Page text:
# The smallest non-zero integer $c$ such that $\sum\limits_{n=1}^m\pm(x+n)^6 = c$?

We have the neat equalities,

I. Group 1

For $k=2,3,4,5,\dots$

$$\sum_{n=1}^{2^k}\epsilon_n(x+n)^k = 2^{\frac{k(k-1)}{2}}k! = 4,\;48,\;1536,\;\color{brown}{122880},\dots$$

for appropriate $\epsilon_n =\pm1.$ See this post.

II. Group 2

However, starting with $k=3$, we can have smaller sums at the cost of a higher number of addends,

$$\sum_{n=1}^{20}\epsilon_n(x+n)^3 = 6$$

$$\sum_{n=1}^{56}\epsilon_n(x+n)^4 = 96$$

$$\sum_{n=1}^{168}\epsilon_n(x+n)^5 = \color{brown}{480}$$

$$\sum_{n=1}^{m}\epsilon_n(x+n)^6 = c\,?$$

Compare the big difference between 122880 and 480. (The cases $k=3,4,5$ are given in this post.)

Question: Anybody knows how to find a relatively small non-zero $c$ for $k=6$?

P.S. There is then a partition of the first 168 $5$th powers into two sets such that their sums $A,\,B$ has $A-B = 480$. This is an optimization version of the partition problem with the constraint that the difference is minimal but does not vanish. (It is related to a previous question I asked on a "Partition problem for consecutive kth powers" where the difference must vanish.)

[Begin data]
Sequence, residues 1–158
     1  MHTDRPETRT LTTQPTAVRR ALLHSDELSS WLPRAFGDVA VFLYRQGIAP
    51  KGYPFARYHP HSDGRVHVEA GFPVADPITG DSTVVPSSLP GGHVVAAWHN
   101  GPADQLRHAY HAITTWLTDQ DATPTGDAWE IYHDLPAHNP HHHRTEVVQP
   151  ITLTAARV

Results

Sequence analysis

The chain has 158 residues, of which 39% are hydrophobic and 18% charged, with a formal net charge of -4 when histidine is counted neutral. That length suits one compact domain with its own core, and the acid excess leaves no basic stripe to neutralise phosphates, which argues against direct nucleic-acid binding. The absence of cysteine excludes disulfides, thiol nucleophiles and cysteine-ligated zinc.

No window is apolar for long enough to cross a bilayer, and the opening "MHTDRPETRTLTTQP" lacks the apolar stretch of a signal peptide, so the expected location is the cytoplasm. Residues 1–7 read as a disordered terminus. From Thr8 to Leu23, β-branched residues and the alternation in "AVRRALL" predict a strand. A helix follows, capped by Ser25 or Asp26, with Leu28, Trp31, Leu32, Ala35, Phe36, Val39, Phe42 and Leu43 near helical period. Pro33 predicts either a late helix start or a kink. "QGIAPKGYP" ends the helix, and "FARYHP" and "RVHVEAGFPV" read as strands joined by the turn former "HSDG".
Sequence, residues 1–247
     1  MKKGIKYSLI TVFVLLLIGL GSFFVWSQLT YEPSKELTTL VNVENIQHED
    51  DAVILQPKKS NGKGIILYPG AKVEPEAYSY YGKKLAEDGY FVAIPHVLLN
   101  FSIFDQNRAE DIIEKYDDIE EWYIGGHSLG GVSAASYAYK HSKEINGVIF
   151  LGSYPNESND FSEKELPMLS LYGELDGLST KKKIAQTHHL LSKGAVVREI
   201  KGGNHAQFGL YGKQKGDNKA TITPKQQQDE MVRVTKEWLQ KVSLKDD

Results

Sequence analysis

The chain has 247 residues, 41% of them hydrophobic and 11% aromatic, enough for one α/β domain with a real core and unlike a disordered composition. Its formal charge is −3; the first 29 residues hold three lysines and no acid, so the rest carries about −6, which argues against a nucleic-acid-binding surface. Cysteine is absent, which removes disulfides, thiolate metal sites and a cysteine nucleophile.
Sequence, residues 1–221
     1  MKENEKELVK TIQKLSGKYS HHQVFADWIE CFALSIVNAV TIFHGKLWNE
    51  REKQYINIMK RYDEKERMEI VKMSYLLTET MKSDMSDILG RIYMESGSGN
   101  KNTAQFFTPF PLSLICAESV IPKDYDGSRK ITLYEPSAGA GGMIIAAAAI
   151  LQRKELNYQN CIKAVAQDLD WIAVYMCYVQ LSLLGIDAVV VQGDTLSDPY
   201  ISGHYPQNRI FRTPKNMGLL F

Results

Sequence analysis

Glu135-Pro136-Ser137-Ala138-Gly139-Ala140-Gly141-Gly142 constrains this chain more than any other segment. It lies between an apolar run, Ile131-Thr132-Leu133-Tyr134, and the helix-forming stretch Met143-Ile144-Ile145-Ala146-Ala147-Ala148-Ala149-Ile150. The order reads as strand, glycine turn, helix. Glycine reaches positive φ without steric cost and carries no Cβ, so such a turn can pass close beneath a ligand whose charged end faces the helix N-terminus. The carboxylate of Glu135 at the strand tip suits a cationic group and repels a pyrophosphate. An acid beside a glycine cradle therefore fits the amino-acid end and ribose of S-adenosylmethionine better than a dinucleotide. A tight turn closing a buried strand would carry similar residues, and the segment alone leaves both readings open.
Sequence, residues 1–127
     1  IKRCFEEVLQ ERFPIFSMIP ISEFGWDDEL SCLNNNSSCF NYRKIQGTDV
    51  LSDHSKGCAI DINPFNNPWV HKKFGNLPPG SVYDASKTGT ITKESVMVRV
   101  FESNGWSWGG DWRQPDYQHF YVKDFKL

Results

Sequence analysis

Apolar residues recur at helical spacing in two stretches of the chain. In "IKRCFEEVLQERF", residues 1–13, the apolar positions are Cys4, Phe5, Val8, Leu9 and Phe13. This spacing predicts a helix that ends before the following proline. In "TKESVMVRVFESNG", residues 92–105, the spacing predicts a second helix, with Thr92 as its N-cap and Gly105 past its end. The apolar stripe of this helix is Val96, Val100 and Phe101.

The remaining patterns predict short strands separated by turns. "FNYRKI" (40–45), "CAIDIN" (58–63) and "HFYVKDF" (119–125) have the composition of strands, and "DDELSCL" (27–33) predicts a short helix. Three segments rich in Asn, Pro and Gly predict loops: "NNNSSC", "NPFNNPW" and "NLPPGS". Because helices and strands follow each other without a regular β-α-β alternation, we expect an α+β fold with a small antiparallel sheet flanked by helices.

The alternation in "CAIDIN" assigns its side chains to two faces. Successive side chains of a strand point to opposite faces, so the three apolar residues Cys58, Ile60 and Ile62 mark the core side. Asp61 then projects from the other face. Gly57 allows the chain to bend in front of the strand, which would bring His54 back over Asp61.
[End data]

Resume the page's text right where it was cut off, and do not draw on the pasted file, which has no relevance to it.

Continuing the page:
• The only hit for $4,6,96,480$ is oeis.org/A052684 – Barry Cipra Apr 3 '15 at 2:25
• It is easy to see one can do it with $23040 = \gcd\left(6 \cdot 168\cdot 480,\;6!\cdot2^{6(6-1)/2}\right)$. I doubt this is the actual minimum but this is at least a tighter upper bound. – achille hui Apr 3 '15 at 11:36
• @achillehui: Thanks! Would it follow that the upper bound for $k=5$ is $\gcd\left(5\cdot56\cdot96,\;5!\cdot2^{5(5-1)/2}\right) = 3840 = 8\cdot\color{brown}{480}$? – Tito Piezas III Apr 3 '15 at 12:07
• @TitoPiezasIII yes. By same logic, 3840 is an upper bound for $k = 5$. – achille hui Apr 3 '15 at 12:11
• @achillehui: Using that formula, the upper bounds $U_k$ for $k=3,4,5,6$ are $U_k = 8\cdot\color{brown}6,\,\color{brown}{96},\,8\cdot\color{brown}{480},\,23040$. I was hoping the extraneous factor would be predictable. – Tito Piezas III Apr 3 '15 at 12:21